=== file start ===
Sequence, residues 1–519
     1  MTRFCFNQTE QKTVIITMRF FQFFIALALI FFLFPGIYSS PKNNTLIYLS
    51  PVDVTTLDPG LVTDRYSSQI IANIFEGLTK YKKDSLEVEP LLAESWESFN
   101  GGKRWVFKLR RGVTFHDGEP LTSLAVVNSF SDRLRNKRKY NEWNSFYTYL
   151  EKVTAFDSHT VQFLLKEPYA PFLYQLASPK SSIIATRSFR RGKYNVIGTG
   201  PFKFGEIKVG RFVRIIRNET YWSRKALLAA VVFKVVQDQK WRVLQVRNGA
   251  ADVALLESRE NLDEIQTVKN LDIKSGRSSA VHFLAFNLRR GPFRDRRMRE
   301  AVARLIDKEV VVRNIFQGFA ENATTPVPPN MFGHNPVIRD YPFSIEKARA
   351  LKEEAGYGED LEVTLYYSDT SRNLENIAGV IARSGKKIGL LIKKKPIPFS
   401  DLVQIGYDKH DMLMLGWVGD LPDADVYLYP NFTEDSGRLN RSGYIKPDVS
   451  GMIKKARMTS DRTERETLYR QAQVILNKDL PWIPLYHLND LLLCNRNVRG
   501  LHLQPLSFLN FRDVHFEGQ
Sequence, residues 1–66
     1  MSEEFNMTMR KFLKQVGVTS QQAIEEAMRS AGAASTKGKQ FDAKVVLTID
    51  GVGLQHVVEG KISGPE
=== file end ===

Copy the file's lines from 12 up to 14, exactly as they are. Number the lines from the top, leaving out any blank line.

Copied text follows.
   501  LHLQPLSFLN FRDVHFEGQ
Sequence, residues 1–66
     1  MSEEFNMTMR KFLKQVGVTS QQAIEEAMRS AGAASTKGKQ FDAKVVLTID